Oleg Sidorov, Ph.D. (Political Science), analyst at the Central Asian Foundation for the Development of Democracy (Almaty, Kazakhstan)

We have to admit that the counterterrorist strategy the world has accepted as the dominant one turned out to be counterproductive in at least two respects: it relies too much on the use of force and mars relations with the Islamic world: The clash of civilizations that so far remains a much discussed theoretical issue may turn into an unwelcome reality. This fully applies to the Central Asian countries, which, after the Soviet Unions demise, have been living through a renaissance of certain religious teachings. All sorts of public associations are exhibiting an obvious bias toward religion and the spiritual factor to the extent that the neighboring Soviet successor states and the West developed a deep concern over the spread of so-called Islamic fundamentalism commonly believed to be generated by the Islamic world, which, according to a widespread Western opinion, regards Central Asia as part of its religious territory to be drawn closer and engulfed.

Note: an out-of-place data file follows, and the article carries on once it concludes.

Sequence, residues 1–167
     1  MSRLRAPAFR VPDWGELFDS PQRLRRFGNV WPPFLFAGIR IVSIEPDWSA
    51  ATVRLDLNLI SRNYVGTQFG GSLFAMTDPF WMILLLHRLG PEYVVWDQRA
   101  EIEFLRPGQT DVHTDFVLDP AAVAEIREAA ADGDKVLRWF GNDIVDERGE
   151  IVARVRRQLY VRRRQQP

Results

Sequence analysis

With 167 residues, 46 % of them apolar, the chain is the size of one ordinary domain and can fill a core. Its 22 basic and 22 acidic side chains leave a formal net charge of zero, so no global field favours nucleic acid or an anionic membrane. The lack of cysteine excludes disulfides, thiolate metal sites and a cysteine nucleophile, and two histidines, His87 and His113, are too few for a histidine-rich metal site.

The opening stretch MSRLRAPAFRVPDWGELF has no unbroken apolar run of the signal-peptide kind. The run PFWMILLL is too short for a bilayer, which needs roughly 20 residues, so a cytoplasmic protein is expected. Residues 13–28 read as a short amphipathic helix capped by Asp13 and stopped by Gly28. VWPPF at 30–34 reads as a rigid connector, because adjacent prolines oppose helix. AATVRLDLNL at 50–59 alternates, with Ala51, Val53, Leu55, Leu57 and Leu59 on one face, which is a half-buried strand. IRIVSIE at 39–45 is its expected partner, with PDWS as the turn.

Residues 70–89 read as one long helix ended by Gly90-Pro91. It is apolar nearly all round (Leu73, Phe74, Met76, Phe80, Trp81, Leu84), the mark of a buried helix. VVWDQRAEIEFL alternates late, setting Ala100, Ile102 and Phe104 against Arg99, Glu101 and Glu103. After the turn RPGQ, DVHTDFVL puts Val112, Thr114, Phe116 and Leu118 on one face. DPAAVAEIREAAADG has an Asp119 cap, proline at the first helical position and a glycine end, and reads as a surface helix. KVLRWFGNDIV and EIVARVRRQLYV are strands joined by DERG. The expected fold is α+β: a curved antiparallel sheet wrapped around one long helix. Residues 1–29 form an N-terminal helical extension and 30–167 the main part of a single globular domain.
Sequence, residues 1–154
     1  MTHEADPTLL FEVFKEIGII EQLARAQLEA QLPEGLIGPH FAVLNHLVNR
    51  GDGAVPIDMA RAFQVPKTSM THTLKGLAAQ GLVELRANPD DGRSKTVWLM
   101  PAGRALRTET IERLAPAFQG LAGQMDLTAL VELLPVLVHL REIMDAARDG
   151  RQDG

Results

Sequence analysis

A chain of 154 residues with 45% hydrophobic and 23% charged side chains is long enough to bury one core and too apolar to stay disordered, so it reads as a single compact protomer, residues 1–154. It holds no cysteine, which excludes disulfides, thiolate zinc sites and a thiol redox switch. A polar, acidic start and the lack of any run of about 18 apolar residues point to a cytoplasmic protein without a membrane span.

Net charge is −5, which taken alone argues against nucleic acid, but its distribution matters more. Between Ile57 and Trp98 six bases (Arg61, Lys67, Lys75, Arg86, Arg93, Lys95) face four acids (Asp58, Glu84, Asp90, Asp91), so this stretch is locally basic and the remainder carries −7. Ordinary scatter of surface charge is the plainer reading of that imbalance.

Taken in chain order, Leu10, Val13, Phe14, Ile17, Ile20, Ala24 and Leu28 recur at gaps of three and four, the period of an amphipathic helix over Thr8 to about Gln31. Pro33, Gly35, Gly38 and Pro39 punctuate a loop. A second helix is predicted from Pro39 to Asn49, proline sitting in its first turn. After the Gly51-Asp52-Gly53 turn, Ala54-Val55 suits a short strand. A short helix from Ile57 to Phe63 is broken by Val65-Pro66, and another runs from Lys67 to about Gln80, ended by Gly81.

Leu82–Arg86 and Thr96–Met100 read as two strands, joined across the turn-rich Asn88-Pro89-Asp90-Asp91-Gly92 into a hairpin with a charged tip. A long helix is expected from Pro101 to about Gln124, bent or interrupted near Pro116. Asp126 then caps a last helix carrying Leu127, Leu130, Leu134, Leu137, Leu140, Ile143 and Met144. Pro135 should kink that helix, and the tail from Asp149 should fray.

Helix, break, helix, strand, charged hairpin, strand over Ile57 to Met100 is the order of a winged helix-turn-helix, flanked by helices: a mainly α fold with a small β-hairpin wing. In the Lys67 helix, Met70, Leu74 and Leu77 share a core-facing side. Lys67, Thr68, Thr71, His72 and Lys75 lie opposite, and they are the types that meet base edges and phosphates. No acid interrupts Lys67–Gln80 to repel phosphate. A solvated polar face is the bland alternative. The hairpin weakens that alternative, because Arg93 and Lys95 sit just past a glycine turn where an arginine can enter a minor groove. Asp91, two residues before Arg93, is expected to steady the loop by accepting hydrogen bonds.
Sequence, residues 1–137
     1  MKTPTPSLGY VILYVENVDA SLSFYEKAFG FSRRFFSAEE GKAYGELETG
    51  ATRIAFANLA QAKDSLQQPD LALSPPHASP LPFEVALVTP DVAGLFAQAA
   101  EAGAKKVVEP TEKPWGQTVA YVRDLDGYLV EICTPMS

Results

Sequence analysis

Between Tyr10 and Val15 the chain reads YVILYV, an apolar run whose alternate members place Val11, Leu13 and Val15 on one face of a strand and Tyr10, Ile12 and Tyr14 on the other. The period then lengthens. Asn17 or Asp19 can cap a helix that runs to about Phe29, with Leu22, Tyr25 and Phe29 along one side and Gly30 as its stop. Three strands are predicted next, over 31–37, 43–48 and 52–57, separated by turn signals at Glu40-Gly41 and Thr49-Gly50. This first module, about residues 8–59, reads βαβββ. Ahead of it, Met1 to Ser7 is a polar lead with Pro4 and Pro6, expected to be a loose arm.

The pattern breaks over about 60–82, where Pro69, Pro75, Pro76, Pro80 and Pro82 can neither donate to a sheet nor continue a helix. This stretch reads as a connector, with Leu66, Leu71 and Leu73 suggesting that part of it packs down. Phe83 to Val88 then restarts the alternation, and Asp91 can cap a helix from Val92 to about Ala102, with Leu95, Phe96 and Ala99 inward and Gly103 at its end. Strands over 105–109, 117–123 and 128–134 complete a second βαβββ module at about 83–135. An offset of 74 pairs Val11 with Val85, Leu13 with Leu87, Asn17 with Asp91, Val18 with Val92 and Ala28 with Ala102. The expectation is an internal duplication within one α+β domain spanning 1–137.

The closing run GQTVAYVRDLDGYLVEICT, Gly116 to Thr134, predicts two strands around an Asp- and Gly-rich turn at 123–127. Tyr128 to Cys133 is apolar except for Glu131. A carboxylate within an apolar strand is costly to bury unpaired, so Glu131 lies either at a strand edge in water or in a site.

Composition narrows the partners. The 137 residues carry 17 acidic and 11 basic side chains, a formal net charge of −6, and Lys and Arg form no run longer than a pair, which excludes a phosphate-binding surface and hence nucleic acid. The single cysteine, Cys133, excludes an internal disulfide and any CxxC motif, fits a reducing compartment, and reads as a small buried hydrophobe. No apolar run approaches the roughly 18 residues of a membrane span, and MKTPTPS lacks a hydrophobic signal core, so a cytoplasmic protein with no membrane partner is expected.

Early in the 1990s, the newly independent states experienced an upsurge of national self-awareness inevitably accompanied by a similarly active religious factor. The region was acquiring new mosques and madrasahs at a fast pace and accommodated a flow of Muslim clerics from abroad. This objective process brought the latent threat of Islamic fundamentalism augmented by the closeness of Afghanistan and Iran, as well as by Wahhabi emissaries and organizations that operated on..

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